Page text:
She addresses all of that in "Ten Year Town," the song that at long last identified Hailey as one of Nashville's elite songwriters and artists. Written with Grammy nominee Brandy Clark, the ballad takes a stark look at what happens when life doesn't work out as planned and how rejection can ultimately lead to empowerment. "I didn't come this far, to only go this far," sings Hailey.

While it's a song of frustration laid bare, Hailey isn't bitter or jaded. Rather, she's encouraged and inspired — "This next song could turn it all around" goes the final verse of "Ten Year Town" — looking ahead to the release of her new album The Dream, a project that she's splitting up into two acts. The first half, titled "The Days," looks at where she came from, while the second part, also called "The Dream," explores where she's going.

"This is the first record that feels 100 percent me. It's a time capsule of my time in Nashville and coming to terms with dreams and what they mean to you," says Hailey, who fully funded the project herself. Along with waiting tables, she sold a guitar and dipped into her savings, money that she had made from touring and stashed away. She also leaned heavily on royalties she received from writing songs for other artists, like Alan Jackson, Martina McBride and Little Big Town, who cut her "Happy People." (Hailey's ebullient version appears on "The Dream.") With money secured, she turned to BMG's Jake Gear to produce the album and Logan Matheny to engineer and mix.

Taken as a whole, The Dream is a collection of 12 tracks, all but two — renditions of Chris Stapleton's "The Devil Always Made Me Think Twice" and Brent Cobb's "Loose Strings" — written by Hailey and a roster of A-list women collaborators including Lori McKenna, Hillary Lindsey, Nicolle Galyon and Brandy Clark. She sings of getting day drunk to medicate a heartbreak in "Red, Wine & Blue"; taps into an Eighties Jackson Browne vibe on the marvelous "Dream, Girl"; and romanticizes her Midwest upbringing in the swooning "Heartland." Elsewhere, she inhabits a tough but secretly vulnerable character in "All the Cool Girls"; laments the worst kind of person to date in "The Faker"; and shares second-hand life lessons in the stunning "Janice at the Hotel Bar," written with McKenna.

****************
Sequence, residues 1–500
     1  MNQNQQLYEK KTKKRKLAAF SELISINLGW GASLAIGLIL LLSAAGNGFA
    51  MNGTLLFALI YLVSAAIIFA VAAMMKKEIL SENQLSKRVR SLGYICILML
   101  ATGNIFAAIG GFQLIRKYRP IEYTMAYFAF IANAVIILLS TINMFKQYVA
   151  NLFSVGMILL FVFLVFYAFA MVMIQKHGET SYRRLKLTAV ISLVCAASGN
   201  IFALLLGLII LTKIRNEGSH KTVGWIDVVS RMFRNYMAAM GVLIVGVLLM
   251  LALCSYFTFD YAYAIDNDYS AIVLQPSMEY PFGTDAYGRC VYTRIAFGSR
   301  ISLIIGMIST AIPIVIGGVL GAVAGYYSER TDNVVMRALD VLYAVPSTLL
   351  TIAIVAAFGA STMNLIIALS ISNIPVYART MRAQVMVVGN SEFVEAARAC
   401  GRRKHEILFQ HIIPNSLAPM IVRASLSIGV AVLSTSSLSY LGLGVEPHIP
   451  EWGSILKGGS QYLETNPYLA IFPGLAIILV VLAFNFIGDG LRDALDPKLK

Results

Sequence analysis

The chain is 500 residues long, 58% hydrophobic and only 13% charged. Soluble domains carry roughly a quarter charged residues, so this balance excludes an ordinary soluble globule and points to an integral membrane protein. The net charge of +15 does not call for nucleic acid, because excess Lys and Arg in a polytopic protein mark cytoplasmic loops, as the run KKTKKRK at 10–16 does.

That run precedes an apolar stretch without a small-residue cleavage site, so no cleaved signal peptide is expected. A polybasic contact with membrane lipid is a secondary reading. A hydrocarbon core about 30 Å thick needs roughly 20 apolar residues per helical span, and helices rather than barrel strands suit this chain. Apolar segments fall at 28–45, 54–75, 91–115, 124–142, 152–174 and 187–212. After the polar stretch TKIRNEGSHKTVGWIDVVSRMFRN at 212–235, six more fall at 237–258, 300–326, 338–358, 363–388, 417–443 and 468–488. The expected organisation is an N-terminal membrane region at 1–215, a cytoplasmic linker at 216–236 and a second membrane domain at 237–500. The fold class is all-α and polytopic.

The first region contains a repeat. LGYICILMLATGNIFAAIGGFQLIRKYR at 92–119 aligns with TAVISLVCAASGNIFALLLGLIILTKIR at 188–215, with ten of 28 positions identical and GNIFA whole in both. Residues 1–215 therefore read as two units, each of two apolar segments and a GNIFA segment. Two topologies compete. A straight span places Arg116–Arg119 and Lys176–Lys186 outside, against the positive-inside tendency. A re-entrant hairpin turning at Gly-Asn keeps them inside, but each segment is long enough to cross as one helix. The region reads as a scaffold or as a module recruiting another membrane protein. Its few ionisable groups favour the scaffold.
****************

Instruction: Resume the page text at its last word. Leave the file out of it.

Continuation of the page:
"Janice at the Hotel Bar" ties the entire album together, mixing bits of Hailey's family wisdom (her grandmother was a font of advice, like "Have a glass of red a day") with the nuggets of the titular Janice ("Vodka over dessert because sugar goes straight to your hips"), a real-life 80-something woman who preached her worldview to a friend of McKenna's.

"I said to Lori, 'Let's write a song about the things that a mother would tell her daughter as she went through life,'" says Hailey. "I've been dying to have a story song and I love that ours is about a woman speaking to another woman."

Growing up, Hailey often found herself paying attention to influential women — not just in her family, but also on the radio. The Dixie Chicks, Shania Twain, Alanis Morissette, Pink and Gillian Welch all helped shape her songwriting. Instead of superficial party songs, Hailey was compelled to dig deeper, writing about personal yet relatable topics on the guitar she received when she was just 14.

Back then, she too was dreaming of being on the radio, riding around on a tour bus and performing for thousands of fans. But after hitting that "fuck it" point, Hailey's dream changed. Today, she's fulfilled simply by writing songs and lyrics in which everyone can find themselves. She's committed to making country music in the 21st century accessible to all listeners.

"Everyone should have a place in a country song," she says. "I'd like to bring open-mindedness and inclusion to the genre."

Hailey is also committed to restoring a sense of perspective with The Dream, the follow-up to 2015's Black Sheep. "I feel like there's a very shallow amount of life experience right now in country songs. But country music has always been about real life and transparency, and inviting listeners to come in and share these experiences."

In "Living the Dream," the album's last song, she poses a powerful rhetorical question: "Aren't we all down here living the dream?"

"We get so consumed with the next achievement and accomplishment that sometimes you forget that you're living right now. And that's what I want listeners to take away from this album and its two parts," Hailey says. "Be happy where you are in the present moment — because your dreams have to be worth it."

For Hailey Whitters, The Dream is right now.

http://www.haileywhitters.com

http://www.shovelinstone.com

Venue Information:
Hodi's Half Note
167 N College Ave
Fort Collins, CO, 80524